Royal Air Force Germany
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|Royal Air Force Germany|
Royal Air Force Germany badge
|Active||1 January 1959 - 1993|
|Branch||Royal Air Force|
|Part of||British Armed Forces,
UK Ministry of Defence
|Motto||Keepers of the Peace|
|Royal Air Force Ensign|
|March||Royal Air Force March Past|
The former Royal Air Force Germany (RAFG) was a command of the Royal Air Force and part of British Forces Germany. It consisted of units located in Germany, initially as part of the occupation following the Second World War, and later as part of the RAF's commitment to the defence of Europe during the Cold War.
From 1954 Canberra bombers equipped 69 (briefly), 102, 103, 104, 149 Squadrons, and later 59 Squadron at RAF Gütersloh. This force was under Bomber Command control from Britain and had been moved because of overcrowding of suitable airfields in the UK to Germany. With the establishment of the British nuclear bomber forces in the context of NATO's strategy of massive retaliation the Canberra bomber squadrons were again withdrawn from Germany.
After 1955, the majority of the air bases were handed over to the newly established German Air Force and RAF Bückeburg to the army of the German Armed Forces. The number of RAF squadrons were reduced. This was both because of the nuclear strategy of NATO and for financial reasons after the fiasco of the Suez crisis . From 1 January 1959, the command was officially called Royal Air Force Germany, the RAF Second Tactical Air Force (2TAF) renamed. At this time the focus was the flying units already on just six main use bases RAF Bruggen, RAF Geilenkirchen, RAF Gutersloh, RAF Jever (No. 2 Squadron, Swifts), RAF Laarbruch and RAF Wildenrath. Important aircraft types at this time were the Canberra as night fighting-suited fighter bombers to three and the Hunter as a day fighter stationed at two airports. From 1960, around the clock there were two on alert Canberra loaded with tactical nuclear weapons who were ready within 15 minutes. In addition there were two seasons that the Swift used them as scouts and four squadrons of Gloster Javelin all-weather interceptors. Two English Electric Lightning squadrons - No. 92 Squadron RAF and No. 19 Squadron RAF - arrived in Germany from 1965.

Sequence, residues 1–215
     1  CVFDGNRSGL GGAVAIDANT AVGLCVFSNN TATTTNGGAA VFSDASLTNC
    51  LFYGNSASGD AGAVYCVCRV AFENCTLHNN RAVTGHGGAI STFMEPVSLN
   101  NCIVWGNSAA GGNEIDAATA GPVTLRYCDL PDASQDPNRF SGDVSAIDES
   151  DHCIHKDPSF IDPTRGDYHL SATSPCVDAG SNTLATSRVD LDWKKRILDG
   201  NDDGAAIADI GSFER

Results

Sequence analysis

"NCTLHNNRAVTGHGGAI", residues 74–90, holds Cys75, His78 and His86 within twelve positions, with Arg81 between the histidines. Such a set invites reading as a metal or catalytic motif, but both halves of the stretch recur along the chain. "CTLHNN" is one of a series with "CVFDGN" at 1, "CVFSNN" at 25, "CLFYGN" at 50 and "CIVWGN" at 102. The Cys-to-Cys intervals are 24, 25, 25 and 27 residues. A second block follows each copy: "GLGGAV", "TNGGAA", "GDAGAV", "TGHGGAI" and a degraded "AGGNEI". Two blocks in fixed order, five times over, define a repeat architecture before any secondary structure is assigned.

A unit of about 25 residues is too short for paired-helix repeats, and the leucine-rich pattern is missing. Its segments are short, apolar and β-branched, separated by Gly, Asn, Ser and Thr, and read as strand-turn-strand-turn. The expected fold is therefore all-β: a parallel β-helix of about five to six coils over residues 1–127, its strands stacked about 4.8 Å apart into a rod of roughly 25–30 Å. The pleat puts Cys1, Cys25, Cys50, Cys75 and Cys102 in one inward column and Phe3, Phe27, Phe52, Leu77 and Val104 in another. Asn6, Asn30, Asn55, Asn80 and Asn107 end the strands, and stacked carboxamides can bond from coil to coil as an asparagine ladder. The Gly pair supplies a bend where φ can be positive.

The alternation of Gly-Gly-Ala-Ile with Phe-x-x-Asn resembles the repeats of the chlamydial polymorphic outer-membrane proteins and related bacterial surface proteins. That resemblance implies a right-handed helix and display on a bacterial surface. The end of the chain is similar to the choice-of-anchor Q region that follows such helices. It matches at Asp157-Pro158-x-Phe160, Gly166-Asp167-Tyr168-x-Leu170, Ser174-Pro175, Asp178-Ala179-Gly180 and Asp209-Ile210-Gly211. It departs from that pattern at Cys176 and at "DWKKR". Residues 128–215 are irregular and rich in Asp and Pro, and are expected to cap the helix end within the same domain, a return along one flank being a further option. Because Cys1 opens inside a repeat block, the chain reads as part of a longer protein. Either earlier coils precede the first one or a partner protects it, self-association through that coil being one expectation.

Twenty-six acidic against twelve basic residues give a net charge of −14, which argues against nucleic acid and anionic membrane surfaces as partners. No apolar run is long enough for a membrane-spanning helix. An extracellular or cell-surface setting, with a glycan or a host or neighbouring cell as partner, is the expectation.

Jever was transferred in 1961 and Geilenkirchen in 1968, reducing the command to four flying bases. When Geilenkirchen closed, it appears there were two flying squadrons at the base. No. 3 Squadron RAF moved to Laarbruch and No. 92 Squadron RAF moved to Gutersloh.
RAF Germany was disbanded as a separate command in 1993 as part of the reduction of British Armed Forces presence in Europe at the cessation of the Cold War. The remaining RAF forces in Germany ceased to be a separate command, and instead became No 2 Group RAF, part of RAF Strike Command. No. 2 Group was then disbanded on 1 April 1996 by being absorbed into No. 1 Group RAF.
RAFG Stations & Establishments
- RAF Ahlhorn - returned to German control October 1958, now German Airfield Ahlhorner heath
- RAF Bad Kolgrub
- RAF Barrel Mountain - now German Army Air Base Barrel Mountain
- RAF Blankensee
- RAF Bruggen - now a British Army Garrison, called "Elmpt Station, Javelin Barracks"
- RAF Bückeburg - returned at the end of the 1950s, now Bückeburg Air Base